|Publication number||US6017002 A|
|Application number||US 08/897,848|
|Publication date||Jan 25, 2000|
|Filing date||Jul 21, 1997|
|Priority date||Jul 21, 1997|
|Publication number||08897848, 897848, US 6017002 A, US 6017002A, US-A-6017002, US6017002 A, US6017002A|
|Inventors||Stephen D. Burke, Ray A. Stribling, Jr.|
|Original Assignee||Hughes Electronics Corporation|
|Export Citation||BiBTeX, EndNote, RefMan|
|Patent Citations (14), Non-Patent Citations (2), Referenced by (48), Classifications (14), Legal Events (7)|
|External Links: USPTO, USPTO Assignment, Espacenet|
1. The present invention relates generally to spacecraft and, more particularly, to spacecraft solar arrays.
2. Description of the Related Art
Spacecraft typically carry solar cells as a primary energy source with rechargable batteries providing energy storage for eclipse operations. The solar cells are positioned and oriented on the spacecraft so that they are exposed to solar radiation.
On spinning spacecraft, solar cells are generally arranged about the outside of a spinning spacecraft body. Accordingly, only a fraction of the cells are exposed to solar radiation at any instant in time. On body-stabilized spacecraft, in contrast, solar cells are typically arranged in planar arrays and carried on solar wings which extend from opposite sides of a spacecraft body. Preferably, the solar wings rotate to keep them as orthogonal to the solar radiation as possible. Because the solar wings can be quite long in their deployed configuration, they are generally formed of a plurality of planar solar panels which are coupled together in an accordion arrangement so that they can be collapsed to a smaller stowed configuration for spacecraft launch.
The number of solar cells that must be carried by a spacecraft is a function of the anticipated spacecraft power demand and the efficiency of the solar cells. Although high-efficiency solar cells reduce the number of cells required by a specific spacecraft, they are quite expensive. Because weight and weight-related costs also increase with the number of solar cells, there is a considerable incentive to reduce the quantity of solar cells that a spacecraft must carry.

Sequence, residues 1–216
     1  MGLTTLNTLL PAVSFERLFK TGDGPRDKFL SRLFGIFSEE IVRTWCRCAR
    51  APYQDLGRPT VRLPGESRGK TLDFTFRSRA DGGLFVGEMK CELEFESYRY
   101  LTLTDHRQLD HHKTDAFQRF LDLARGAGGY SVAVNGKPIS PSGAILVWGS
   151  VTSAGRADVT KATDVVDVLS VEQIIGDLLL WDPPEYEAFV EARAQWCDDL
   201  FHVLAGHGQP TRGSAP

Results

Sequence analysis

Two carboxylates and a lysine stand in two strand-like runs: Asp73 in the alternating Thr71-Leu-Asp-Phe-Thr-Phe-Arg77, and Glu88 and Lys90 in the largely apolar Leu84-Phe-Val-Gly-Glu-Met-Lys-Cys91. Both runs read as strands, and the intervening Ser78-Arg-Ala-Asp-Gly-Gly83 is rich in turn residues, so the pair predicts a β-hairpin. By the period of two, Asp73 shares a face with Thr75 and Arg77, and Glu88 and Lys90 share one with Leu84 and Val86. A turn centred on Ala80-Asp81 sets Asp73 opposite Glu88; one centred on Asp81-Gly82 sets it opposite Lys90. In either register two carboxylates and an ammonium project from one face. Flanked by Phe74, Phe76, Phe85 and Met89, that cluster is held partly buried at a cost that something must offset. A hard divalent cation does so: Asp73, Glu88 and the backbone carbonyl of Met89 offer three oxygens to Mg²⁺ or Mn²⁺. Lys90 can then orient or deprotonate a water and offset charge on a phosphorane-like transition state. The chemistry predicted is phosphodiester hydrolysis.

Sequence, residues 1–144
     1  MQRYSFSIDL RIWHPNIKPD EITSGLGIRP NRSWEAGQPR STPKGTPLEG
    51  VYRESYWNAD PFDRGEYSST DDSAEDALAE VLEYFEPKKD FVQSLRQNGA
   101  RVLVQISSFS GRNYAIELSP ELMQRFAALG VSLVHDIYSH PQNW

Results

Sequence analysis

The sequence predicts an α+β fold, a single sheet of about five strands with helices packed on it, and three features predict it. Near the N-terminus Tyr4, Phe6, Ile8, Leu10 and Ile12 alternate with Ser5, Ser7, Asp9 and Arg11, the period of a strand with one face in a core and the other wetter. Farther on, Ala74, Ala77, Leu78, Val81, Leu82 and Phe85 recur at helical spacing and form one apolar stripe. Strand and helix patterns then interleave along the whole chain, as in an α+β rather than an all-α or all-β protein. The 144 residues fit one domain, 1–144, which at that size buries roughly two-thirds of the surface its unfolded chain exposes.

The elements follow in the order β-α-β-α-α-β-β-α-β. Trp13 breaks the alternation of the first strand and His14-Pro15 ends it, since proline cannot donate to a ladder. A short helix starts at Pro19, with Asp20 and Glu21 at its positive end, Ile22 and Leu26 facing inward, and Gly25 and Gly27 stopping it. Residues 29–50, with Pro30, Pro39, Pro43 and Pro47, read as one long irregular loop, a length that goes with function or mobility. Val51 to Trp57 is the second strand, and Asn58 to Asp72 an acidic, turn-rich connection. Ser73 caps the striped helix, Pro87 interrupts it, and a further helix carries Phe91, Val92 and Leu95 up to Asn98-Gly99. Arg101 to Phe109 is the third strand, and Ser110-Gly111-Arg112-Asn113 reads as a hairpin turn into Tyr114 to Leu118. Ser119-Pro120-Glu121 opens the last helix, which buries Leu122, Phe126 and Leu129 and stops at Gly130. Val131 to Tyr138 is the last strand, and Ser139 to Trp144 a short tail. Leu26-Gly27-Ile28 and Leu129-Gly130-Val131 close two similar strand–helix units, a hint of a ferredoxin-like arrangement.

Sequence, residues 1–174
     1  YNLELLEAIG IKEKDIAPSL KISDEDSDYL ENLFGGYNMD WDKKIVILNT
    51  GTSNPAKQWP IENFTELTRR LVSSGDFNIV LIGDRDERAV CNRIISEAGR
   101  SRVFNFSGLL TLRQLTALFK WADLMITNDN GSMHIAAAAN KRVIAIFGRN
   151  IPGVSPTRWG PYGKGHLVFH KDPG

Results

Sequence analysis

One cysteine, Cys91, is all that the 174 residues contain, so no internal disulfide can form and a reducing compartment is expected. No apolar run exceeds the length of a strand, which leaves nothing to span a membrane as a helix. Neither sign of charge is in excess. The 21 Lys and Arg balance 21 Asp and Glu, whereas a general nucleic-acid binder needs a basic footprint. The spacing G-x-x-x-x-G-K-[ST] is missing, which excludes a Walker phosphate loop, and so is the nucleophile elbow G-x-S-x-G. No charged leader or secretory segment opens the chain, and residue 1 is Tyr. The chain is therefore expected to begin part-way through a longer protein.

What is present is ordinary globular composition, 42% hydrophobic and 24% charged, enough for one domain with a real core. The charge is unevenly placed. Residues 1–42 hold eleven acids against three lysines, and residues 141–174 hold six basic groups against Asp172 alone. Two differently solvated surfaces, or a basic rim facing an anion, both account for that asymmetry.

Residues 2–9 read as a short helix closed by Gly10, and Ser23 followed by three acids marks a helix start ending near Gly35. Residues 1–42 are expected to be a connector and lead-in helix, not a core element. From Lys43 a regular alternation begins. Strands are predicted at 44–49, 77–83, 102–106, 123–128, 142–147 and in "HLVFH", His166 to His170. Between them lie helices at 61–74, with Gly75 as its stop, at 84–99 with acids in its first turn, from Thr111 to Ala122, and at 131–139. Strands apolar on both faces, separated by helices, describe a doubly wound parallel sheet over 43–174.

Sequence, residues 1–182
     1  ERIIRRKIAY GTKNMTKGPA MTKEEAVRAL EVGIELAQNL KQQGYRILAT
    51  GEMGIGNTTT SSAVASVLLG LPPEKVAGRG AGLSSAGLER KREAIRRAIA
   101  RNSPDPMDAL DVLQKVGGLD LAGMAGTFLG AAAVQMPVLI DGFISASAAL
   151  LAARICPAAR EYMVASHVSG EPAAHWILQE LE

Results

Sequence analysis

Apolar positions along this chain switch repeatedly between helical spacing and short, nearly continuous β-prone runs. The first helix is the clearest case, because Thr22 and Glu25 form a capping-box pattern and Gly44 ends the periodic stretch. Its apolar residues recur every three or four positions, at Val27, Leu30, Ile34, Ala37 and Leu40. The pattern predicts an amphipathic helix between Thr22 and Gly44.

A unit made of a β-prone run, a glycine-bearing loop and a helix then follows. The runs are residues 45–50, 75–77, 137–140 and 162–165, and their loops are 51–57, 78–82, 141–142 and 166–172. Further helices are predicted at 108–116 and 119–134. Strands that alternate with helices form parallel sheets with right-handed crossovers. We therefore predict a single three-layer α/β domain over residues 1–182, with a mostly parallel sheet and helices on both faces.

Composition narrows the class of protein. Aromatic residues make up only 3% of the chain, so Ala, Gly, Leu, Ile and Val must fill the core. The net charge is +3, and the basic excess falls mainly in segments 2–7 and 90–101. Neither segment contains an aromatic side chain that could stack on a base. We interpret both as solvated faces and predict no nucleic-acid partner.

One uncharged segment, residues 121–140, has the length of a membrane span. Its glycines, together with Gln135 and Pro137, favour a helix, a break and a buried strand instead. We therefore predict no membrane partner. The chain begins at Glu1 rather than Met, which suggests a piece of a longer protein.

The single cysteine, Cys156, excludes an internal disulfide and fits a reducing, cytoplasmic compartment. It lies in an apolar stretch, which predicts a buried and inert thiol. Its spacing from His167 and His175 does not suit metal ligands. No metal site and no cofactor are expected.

Accordingly, efforts have been extended to concentrate solar radiation upon solar cells by using reflective surfaces that are positioned adjacent to solar panels and oriented to reflect additional radiation onto the cells. Solar radiation that would otherwise have passed by a solar wing is thus redirected to be incident upon the solar cells. Although a solar cell's efficiency in conversion of this additional reflected radiation to useful energy is typically less than it is for the directly incident radiation, primarily due to increased cell temperature and decreased angle of incidence, solar concentration allows the number of spacecraft solar cells to be significantly reduced with consequent savings in spacecraft weight and cost.
Both rigid and flexible reflectors have been proposed for solar radiation concentration with flexible reflectors generally having a weight advantage. An exemplary flexible reflector system is shown in U.S. Pat. No. 4,282,394. In this system, reflector arms are carried on both inboard and outboard frames. Each of the reflector arms is formed of a plurality of hinged arm sections and each arm section of the inboard frame carries a reflective plastic sheet that is wound on a spring-biased roll. An end of each sheet is attached to a respective arm section on the outboard frame.